19. Characterization of two monoclonal antibodies, 38F10 and 44D11, against the major envelope fusion protein of Helicoverpa armigera nucleopolyhedrovirus.

    PubMed

    Zou, Zijiao; Liu, Jinliang; Wang, Zhiying; Deng, Fei; Wang, Hualin; Hu, Zhihong; Wang, Manli; Zhang, Tao

    2016-12-01

    The envelope fusion protein F of baculoviruses is a class I viral fusion protein which play a significant role during virus entry into insect cells. F is initially synthesized as a precursor (F0) and then cleaved into a disulfide-linked F1 and F2 subunits during the process of protein maturation and secretion. To facilitate further investigation into the structure and function of F protein during virus infection, monoclonal antibodies (mAbs) against the F2 subunit of Helicoverpa armigera nucleopolyhedrovirus (HearNPV) (HaF) were generated. Two kinds of mAbs were obtained according to their different recognition epitopes: one kind of mAbs, as represented by 38F10, recognizes amino acid (aa) 85 to 123 of F2 and the other kind, represented by 44D11, recognizes aa 148 to 173 of F2. Western blot and immunofluorescence assay confirmed that both of the mAbs recognized the F protein expressed in HearNPV infected cells, however, only 44D11 could neutralize HearNPV infection. The results further showed that 44D11 may not interact with a receptor binding epitope, rather it was demonstrated to inhibit syncytium formation in cells expressing the HaF protein. The results imply that the monoclonal antibody 44D11 recognizes a region within HaF2 that may be involved in the F-mediated membrane fusion process.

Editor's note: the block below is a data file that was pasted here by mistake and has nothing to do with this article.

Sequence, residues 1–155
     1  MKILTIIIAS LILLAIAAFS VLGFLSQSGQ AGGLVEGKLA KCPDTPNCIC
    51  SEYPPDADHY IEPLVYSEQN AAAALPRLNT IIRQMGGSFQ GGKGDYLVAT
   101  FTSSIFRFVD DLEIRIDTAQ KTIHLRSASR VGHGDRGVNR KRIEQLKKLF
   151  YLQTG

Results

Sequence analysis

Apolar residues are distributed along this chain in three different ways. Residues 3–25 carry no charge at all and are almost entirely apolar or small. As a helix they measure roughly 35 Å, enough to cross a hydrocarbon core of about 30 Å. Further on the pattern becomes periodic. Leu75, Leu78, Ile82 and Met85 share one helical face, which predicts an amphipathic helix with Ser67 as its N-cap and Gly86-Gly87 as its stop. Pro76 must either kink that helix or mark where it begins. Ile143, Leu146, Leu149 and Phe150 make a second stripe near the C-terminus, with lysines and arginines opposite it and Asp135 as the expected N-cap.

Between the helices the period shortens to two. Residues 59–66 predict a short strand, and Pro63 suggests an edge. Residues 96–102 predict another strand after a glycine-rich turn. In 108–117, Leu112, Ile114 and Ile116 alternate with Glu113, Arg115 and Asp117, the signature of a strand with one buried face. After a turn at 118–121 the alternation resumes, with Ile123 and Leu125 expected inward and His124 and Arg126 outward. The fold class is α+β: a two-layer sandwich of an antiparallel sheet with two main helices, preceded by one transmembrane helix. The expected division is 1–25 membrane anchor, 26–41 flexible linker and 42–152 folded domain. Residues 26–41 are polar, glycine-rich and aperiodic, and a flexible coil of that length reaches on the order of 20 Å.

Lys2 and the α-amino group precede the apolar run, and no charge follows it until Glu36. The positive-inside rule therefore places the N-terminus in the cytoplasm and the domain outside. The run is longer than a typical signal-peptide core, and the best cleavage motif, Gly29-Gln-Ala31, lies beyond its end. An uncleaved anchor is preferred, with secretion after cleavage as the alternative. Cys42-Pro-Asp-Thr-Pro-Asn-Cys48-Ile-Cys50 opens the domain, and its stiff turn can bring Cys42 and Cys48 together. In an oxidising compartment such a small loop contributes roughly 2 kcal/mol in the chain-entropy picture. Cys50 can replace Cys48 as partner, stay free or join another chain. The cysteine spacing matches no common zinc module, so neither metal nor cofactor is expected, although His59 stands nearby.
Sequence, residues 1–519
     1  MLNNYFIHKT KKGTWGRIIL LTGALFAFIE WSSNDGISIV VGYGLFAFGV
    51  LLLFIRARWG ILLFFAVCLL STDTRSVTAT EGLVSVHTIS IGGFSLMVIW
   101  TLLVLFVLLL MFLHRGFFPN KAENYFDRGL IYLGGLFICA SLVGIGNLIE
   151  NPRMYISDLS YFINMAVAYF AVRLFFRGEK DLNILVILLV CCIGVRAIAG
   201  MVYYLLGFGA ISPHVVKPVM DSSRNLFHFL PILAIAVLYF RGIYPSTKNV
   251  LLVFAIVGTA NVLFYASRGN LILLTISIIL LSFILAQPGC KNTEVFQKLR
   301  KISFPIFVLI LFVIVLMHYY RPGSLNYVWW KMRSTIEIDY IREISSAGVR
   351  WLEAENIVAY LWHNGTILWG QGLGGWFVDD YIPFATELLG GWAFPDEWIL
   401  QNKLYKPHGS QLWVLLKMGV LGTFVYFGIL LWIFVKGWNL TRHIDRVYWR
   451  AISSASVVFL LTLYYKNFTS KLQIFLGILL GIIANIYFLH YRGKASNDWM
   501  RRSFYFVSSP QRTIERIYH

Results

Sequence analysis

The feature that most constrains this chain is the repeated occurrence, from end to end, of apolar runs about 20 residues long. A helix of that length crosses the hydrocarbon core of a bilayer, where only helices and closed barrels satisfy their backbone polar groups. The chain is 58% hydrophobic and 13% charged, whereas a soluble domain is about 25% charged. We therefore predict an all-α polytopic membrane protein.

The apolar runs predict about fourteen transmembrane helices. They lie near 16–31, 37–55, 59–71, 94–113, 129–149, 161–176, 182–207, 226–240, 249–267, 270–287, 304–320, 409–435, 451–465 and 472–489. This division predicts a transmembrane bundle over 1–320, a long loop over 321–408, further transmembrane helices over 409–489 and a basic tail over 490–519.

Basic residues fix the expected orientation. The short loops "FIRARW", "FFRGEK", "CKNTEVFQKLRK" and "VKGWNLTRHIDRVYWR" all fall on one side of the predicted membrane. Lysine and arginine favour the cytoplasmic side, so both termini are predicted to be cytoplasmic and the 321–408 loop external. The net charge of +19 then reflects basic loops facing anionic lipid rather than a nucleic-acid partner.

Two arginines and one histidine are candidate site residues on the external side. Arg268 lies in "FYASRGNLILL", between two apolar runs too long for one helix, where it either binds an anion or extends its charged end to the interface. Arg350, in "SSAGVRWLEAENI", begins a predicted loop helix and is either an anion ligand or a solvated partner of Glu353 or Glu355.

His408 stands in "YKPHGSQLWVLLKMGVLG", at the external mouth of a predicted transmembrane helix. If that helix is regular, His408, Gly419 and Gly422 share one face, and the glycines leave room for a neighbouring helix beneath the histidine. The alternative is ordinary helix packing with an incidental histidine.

20. Study of the mechanism of protonated histidine-induced conformational changes in the Zika virus dimeric envelope protein using accelerated molecular dynamic simulations.

    PubMed

    Sun, Jixue; Li, Yang; Liu, Pi; Lin, Jianping

    2017-06-01

    The Zika virus has drawn worldwide attention because of the epidemic diseases it causes. It is a flavivirus that has an icosahedral protein shell constituted by an envelope glycoprotein (E-protein) and membrane protein (M-protein) in the mature virion. The multistep process of membrane fusion to infect the host cell is pH-induced. To understand the mechanism of the conformational changes in the (E-M)2 protein homodimer embedded in the membrane, two 200-ns accelerated dynamic simulations were performed under different pH conditions. The low pH condition weakens the interactions and correlations in both E-protein monomers and in the E-M heterodimer. The highly conserved residues, His249, His288, His323 and His446, are protonated under low pH conditions and play key roles in driving the fusion process. The analysis and discussion in this study may provide some insight into the molecular mechanism of Zika virus infection. Copyright © 2017 Elsevier Inc. All rights reserved.

  1. Elevated temperature envelope forming

    NASA Technical Reports Server (NTRS)

    Burg, Bruce M. (Inventor); Gane, David H. (Inventor); Starowski, Robert M. (Inventor)

    1992-01-01

    Elevated temperature envelope forming includes enclosing a part blank and form tool within an envelope sealed against the atmosphere, heat treating the combination while forming pressure holds the envelope and part against the form tool, and allowing part cool down to occur in an inert atmosphere with forming pressure removed. The forming pressure is provided by evacuating the envelope and may be aided by differential force applied between the envelope and the form tool.

  2. HIV-1 envelope protein gp41: an NMR study of dodecyl phosphocholine embedded gp41 reveals a dynamic prefusion intermediate conformation.

    PubMed

    Lakomek, Nils-Alexander; Kaufman, Joshua D; Stahl, Stephen J; Wingfield, Paul T

    2014-09-02